Unlike any time before in history, people have access to vast amounts of free information and with the right tools and training they can structure data in an aesthetic manner that allows non-specialists in the field to see patterns and trends that would otherwise be invisible or difficult to derive meaning from. The Functional Art by Alberto Cairo presents an epistemological overview of how people read infographics and then demonstrates how to most effectively use statistical data to make charts, maps, and explanation diagrams. Cairo does not merely present us with a list of what he considers his best works but shows the steps taken to create successful infographics and how certain forms of quantitatively measurable changes should typically be associated with certain types of illustrating change – such as box and whisker plots.
By transforming numbers into graphical shapes, readers can come to spot the stories in the data and learn new things from it with greater speed than in text regardless of the type of data you’re working with. Cairo states that most people new to the field jump too soon to the “look and feel” part, without first asking the right questions. Based upon his experience, he believes that people should first ask about what information is most important to display, how consumers of it will want to explore the information – especially if it is interactive – and then at this point start to determine the look and feel of it. Cairo, like myself, views much of the decorative additions typical of infographics, i.e. symbols or icons included that don’t really add anything other than flair, as poor design. Not that it is ALWAYS bad to include these, just it’s become the trend for them to be included at the cost of reducing effective communication.
Exegesis on this issue of approach to graphical forms takes the form of a discussion of “engineers” versus “designers”. On one extreme is Edward Tufte, who espouses a minimalistic approach to visualization. On the other extreme is graphic designer Nigel Holmes, who takes a more emotional, mimetic approach to graphic design. Cairo argues that there are benefits to both approaches and that the project itself should dictate how one processed rather than personal preference.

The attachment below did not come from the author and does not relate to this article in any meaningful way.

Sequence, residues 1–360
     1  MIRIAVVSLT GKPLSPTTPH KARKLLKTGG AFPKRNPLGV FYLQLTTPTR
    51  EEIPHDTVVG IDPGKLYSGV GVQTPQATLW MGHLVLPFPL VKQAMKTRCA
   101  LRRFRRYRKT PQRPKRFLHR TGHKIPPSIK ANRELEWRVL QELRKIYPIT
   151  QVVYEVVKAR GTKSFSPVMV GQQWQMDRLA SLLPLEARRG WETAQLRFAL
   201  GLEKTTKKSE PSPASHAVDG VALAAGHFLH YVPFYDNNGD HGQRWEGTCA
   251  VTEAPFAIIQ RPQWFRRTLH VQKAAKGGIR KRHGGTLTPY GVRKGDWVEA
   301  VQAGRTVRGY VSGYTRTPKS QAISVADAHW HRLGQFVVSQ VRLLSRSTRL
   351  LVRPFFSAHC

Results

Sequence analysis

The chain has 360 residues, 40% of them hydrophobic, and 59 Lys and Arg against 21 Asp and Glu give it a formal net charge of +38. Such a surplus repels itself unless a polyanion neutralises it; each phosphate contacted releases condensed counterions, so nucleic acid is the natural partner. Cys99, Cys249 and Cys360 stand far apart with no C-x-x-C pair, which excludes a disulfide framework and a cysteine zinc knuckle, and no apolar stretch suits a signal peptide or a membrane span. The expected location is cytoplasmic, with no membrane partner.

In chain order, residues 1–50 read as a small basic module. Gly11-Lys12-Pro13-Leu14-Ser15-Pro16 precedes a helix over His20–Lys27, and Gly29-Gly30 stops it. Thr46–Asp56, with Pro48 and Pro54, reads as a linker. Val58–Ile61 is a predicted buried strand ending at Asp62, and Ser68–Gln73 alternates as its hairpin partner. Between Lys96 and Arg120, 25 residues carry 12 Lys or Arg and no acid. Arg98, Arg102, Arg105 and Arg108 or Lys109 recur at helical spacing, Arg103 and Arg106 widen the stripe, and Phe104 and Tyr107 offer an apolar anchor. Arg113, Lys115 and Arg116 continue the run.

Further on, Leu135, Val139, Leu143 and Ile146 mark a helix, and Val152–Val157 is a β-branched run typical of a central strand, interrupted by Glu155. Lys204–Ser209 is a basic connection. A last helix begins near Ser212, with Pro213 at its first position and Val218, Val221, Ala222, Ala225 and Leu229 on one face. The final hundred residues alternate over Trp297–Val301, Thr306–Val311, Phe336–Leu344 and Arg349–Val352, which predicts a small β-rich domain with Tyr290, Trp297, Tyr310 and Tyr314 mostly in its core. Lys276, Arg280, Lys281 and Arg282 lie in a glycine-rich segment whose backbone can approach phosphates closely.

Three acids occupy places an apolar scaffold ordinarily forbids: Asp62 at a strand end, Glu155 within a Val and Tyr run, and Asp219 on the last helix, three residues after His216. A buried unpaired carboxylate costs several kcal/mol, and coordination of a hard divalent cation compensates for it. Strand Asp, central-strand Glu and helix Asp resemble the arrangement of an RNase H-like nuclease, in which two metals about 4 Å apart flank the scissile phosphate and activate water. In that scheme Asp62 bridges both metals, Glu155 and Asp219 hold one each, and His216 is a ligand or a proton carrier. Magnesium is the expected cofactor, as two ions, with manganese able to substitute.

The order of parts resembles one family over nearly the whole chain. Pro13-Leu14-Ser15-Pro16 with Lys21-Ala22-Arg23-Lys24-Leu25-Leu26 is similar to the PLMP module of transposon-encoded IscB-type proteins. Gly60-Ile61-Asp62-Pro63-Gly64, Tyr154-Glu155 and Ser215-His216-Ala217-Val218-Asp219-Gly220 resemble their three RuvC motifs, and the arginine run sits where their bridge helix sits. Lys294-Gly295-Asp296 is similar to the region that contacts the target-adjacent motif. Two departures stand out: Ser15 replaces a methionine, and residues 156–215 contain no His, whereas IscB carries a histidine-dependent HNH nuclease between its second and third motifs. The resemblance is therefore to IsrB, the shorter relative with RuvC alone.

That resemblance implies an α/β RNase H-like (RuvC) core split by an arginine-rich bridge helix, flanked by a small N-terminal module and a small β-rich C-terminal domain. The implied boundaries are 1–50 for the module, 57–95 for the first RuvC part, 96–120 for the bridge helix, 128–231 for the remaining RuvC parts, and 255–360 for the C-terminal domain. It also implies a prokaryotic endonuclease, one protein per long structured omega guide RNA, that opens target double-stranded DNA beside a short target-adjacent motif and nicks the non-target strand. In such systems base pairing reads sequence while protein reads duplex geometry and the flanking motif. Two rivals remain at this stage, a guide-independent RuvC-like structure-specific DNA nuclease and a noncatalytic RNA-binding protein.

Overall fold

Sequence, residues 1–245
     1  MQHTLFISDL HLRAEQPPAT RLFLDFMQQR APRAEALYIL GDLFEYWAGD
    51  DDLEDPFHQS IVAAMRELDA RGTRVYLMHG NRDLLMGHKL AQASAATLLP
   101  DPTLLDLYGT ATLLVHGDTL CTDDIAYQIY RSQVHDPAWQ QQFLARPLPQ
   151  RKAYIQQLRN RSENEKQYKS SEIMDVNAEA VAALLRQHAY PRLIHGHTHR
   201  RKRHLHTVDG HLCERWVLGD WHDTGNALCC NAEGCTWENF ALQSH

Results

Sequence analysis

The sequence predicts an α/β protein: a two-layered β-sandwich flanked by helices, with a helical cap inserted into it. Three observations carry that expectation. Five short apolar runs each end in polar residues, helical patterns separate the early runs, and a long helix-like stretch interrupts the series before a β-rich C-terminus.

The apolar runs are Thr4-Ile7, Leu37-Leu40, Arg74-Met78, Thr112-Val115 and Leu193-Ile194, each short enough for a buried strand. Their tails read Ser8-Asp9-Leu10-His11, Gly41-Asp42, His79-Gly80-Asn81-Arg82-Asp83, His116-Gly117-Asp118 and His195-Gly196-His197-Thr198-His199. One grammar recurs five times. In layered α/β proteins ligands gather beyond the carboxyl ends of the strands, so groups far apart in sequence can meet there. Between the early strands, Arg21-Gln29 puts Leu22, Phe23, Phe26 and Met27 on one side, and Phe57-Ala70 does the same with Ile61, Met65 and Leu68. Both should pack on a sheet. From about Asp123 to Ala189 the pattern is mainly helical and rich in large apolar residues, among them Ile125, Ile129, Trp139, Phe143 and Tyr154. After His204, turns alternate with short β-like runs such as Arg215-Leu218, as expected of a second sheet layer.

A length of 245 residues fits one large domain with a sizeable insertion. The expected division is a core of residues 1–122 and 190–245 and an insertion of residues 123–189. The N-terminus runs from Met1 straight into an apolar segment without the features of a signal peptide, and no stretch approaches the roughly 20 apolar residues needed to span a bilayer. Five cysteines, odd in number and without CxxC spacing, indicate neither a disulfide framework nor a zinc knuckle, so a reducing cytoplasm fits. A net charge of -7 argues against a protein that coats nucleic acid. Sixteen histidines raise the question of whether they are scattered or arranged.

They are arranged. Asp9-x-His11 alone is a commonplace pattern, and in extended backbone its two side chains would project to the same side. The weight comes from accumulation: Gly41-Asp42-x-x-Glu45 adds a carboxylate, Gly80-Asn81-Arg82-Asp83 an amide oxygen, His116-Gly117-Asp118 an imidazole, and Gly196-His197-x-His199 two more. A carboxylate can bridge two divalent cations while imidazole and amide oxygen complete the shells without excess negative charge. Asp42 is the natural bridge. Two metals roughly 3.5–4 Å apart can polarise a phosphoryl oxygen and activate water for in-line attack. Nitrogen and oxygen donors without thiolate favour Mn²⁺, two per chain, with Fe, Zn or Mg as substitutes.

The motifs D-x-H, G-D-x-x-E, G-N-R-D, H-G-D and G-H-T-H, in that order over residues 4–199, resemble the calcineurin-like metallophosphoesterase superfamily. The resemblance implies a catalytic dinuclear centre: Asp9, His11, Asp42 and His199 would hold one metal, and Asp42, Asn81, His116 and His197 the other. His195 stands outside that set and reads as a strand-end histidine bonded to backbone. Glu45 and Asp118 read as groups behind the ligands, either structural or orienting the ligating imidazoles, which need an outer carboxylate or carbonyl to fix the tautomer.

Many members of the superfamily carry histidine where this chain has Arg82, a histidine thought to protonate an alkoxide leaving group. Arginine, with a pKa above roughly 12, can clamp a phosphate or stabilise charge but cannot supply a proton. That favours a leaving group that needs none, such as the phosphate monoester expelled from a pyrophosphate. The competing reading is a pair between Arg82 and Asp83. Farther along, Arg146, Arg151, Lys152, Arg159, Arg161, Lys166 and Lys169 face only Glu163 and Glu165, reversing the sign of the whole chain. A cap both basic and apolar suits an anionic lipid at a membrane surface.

In the first part of the book, Cairo explicates the three main tenets of good data visualization practice: first, good graphic techniques and strategies (minimal use of pie charts, reducing non-data ink, etc.); second, how to create eye-pleasing graphics (how to choose color, fonts, layout, etc.); and, most importantly, how to use data visualization to tell a story. I think this is where The Functional Art really stands out as a great reference – Cairo shows you how to use data visualization not as a way to just show your data or to create a tool for people to explore your data, but as a way to be a storyteller with data.
One of the model’s Cairo created to help him ideate on how to develop a visualization is called the “Visualization Wheel”. The top part of the wheel indicates increased complexity and depth and the bottom part representing simplicity and lightness. The key takeaway is to provide balance to a visualization with the audience in mind. Certain audiences are likely to gravitate towards one than the other.
The next part of the book explains the eye-brain connection – how humans perceive different shapes, colors, etc. – in relation to designing good infographics. Cairo isn’t a cognitive scientist, but the skill with which he addresses these issues illustrates the depth of study he’s done of the literature and how to use this knowledge to create better graphics. These two first parts of the book are helpful for anyone those in the visualization and the graphics Cairo has chosen to include are all inspirational and make this not only a good overview of the field but also a good reference book.
In the last section of the book, Cairo profiles and interviews 10 prominent data visualization designers and visual journalists, including The New York Times’ Steve Duenes, The Washington Post’s Hannah Fairfield, Condé Nast Traveler’s John Grimwade, National Geographic Magazine’s Fernando Baptista, Hans Rosling of the Gapminder Foundation, and others.
This section is beneficial as it gives brief insights into how it is that leaders in the field approach different challenges created by their projects and to see how journalists work with the information visualization professionals in their teams in leading newspapers in different ways based upon the workplace.
In closing, The Functional Art touches upon all the important issues related to infographics such as:
- Why data visualization should be conceived of as “functional” rather than fine art
- A general outline of when to use bar versus circle charts
- How to use color, type, shape, contrast, and other components to make infographics more effective
- Differentiation between symbols and icons and help versus hurt their readability.
- The science of how our brains perceive and remember information
- Best practices for creating interactive information graphics
- The creative process behind successful information graphics
It’s a great book for those new in the field and the clarity of expression found within was so good that I look forward to reading more of Cairo’s work.